NFTs and Film Photography

8 min read by Dmitri.
Published on .
“Let’s Talk About That.”

Analogue photography is all I think about when I write on Analog.Cafe. I am only interested in computer technology when I scan film and work on apps and features for this website.

But despite my desire to back away from the tech hype that ran my life back in my Silicon Valley startup days, I continue to get swarmed by the news and tweets about NFTs — a new blockchain technology that allows selling visual art online.

I get it. Selling art is difficult, and having another revenue source is exciting. Better yet, NFTs enable artists to profit off their work being sold down the line through guaranteed royalties. I also can’t hide the fact that I enjoy many of the film scans and other artworks posted on NFT marketplaces and would love to support the people who make them.

And so, despite my initial reservations, I decided to spend some time researching this topic with the goal of figuring out the potential benefits and drawbacks of participating in the NFT marketplaces.

What do NFTs have to do with film photography?

NFTs are simply a way to sell digital artwork online, and film photography, once digitized, is just another commodity on NFT marketplaces. Some artists bundle prints along with their NFT sales, although doing that is no more special than selling a print in a conventional way.

Nevertheless, there’s plenty of interest (and disdain) towards this technology within the film photography community, and thus I feel it’s worth understanding.

A brief history of NFTs.

The technology at the core of NFTs, Bitcoin, Ethereum, and other tools is based on Hashcash, a process invented in 1997 meant to prevent email spam. Its principle is fairly simple: the system requires the sender’s computer to solve a computational puzzle in order to have their mail delivered.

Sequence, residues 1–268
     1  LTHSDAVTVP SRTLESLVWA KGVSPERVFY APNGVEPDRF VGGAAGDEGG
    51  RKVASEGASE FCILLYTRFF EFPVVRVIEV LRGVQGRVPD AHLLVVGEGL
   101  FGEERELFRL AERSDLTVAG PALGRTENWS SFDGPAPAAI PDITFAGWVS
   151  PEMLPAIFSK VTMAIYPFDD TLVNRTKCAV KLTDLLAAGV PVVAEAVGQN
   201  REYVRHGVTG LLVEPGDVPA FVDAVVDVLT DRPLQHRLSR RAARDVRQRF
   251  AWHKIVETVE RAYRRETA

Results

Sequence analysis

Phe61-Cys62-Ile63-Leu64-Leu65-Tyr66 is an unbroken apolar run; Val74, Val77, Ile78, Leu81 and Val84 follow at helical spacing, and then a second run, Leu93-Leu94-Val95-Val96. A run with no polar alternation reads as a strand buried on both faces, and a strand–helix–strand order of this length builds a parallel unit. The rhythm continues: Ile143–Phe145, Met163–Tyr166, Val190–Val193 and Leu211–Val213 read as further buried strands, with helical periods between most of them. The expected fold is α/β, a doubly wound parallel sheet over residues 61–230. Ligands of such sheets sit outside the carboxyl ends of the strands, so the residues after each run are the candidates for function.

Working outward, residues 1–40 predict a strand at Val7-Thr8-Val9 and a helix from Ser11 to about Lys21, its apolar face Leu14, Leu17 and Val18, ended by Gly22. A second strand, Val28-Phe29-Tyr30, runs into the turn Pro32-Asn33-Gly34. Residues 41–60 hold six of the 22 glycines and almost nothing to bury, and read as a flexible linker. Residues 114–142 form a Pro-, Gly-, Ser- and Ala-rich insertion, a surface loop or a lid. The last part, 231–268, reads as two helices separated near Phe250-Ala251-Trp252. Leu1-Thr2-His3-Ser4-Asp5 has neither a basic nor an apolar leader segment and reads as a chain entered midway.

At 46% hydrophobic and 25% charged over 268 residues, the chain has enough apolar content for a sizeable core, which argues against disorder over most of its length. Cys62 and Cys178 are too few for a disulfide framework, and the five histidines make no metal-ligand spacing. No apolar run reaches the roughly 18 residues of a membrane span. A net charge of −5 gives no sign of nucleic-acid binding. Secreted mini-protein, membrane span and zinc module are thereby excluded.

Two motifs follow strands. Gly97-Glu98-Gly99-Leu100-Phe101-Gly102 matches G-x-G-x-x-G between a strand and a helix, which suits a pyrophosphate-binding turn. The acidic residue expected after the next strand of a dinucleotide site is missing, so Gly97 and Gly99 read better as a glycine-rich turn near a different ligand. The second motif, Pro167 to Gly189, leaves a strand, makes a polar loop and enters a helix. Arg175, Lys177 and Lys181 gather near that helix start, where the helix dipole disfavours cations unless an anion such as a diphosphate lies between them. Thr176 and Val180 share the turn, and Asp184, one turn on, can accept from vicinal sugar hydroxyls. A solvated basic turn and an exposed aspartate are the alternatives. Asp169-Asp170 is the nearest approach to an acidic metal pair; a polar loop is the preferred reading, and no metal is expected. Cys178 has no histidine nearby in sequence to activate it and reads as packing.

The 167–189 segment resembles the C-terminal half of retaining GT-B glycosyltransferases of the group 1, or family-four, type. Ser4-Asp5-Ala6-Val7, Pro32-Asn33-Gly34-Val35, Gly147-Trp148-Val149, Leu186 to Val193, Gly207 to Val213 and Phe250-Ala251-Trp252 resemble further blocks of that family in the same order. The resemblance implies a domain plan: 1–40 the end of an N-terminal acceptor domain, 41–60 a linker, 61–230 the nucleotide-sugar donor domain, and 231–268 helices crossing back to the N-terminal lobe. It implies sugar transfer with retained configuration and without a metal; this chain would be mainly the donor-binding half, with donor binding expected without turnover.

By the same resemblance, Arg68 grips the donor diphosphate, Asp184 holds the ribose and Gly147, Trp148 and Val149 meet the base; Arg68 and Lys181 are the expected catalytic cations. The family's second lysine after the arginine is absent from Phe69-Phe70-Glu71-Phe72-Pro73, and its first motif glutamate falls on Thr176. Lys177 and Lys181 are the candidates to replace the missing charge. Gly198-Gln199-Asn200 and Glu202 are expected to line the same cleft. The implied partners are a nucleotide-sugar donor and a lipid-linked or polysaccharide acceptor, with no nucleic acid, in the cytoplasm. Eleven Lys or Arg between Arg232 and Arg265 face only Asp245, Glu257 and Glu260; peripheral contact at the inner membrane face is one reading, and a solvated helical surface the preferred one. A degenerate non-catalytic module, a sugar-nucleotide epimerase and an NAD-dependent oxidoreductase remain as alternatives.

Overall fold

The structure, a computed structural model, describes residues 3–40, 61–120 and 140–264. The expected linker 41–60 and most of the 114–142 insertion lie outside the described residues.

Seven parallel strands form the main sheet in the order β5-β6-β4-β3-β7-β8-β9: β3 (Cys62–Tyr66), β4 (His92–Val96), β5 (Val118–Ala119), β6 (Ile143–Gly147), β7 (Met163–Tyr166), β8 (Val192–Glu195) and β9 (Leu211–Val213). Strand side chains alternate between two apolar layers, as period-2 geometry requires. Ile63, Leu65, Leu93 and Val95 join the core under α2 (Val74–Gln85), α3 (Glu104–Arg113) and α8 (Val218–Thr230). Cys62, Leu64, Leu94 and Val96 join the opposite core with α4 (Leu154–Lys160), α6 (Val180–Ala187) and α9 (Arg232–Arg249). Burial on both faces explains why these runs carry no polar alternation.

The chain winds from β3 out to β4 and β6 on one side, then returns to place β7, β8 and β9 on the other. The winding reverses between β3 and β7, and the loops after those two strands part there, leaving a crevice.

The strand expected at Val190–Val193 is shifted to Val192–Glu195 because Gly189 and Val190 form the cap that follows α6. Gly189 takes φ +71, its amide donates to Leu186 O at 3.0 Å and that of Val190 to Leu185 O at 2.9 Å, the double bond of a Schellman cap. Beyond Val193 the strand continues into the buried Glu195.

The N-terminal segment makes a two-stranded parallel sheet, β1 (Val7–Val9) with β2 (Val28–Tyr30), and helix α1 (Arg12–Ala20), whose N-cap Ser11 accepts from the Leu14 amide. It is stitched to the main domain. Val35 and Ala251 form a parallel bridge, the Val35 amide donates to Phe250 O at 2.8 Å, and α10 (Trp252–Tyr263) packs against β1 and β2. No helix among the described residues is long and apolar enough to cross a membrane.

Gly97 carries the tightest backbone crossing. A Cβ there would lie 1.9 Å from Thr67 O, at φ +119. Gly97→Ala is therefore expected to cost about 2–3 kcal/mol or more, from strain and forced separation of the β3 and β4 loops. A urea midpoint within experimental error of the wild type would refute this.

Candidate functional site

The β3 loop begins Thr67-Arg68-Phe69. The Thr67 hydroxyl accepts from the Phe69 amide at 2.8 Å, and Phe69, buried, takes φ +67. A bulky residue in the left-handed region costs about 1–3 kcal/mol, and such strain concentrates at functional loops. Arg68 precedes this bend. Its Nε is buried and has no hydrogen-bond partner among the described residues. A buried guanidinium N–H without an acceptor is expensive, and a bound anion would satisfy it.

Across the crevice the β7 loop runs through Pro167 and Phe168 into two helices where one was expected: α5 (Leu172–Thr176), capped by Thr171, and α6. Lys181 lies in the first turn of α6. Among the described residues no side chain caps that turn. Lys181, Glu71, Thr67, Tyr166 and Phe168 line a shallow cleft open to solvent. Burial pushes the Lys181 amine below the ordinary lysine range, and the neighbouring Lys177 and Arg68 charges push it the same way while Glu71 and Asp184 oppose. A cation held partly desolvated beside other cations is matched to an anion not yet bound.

The puzzles aren’t particularly difficult, each taking a small amount of time and energy to complete. However, a spammer attempting to hit a large number of mailboxes would face a much heavier toll, forced to solve thousands of puzzles for each dispatch.

Alas, this method comes with many drawbacks — such as the inability to distinguish between a spammer and a legitimate email list sender — and it isn’t implemented in any popular email systems.

In 2008, the above principle was implemented as a security mechanism in a new invention: blockchain. A blockchain is a list of records that can be appended but are practically impossible to change. Tools like Bitcoin (i.e. cryptocurrency) use blockchain to keep permanent records of financial transactions.

NFTs were proposed as a way to sell artwork online in 2014. They use blockchain to create records like cryptocurrency with one key difference: you can not exchange an NFT unit for another.

For example, you can legally exchange your weathered $100 bill for a crisp one at the bank. Worn or not, money is money. This is how cryptocurrency works as well. However, NFTs introduce the concept of non-exchangeable goods. Artwork and photography can be considered non-exchangeable; that is, I won’t be able to trade a print of my making for Ansel Adam’s. Both prints could be made using the same materials and have the same or similar subject, but Ansel’s is worth way more than mine.

NFTs simulate the concept of non-exchangeability digitally. This is exactly what the first part of the NFT acronym translates to non-fungible, a synonym for non-exchangeable. The last letter of the acronym, T, stands for “token,” which is a record of sale/ownership stored in a blockchain.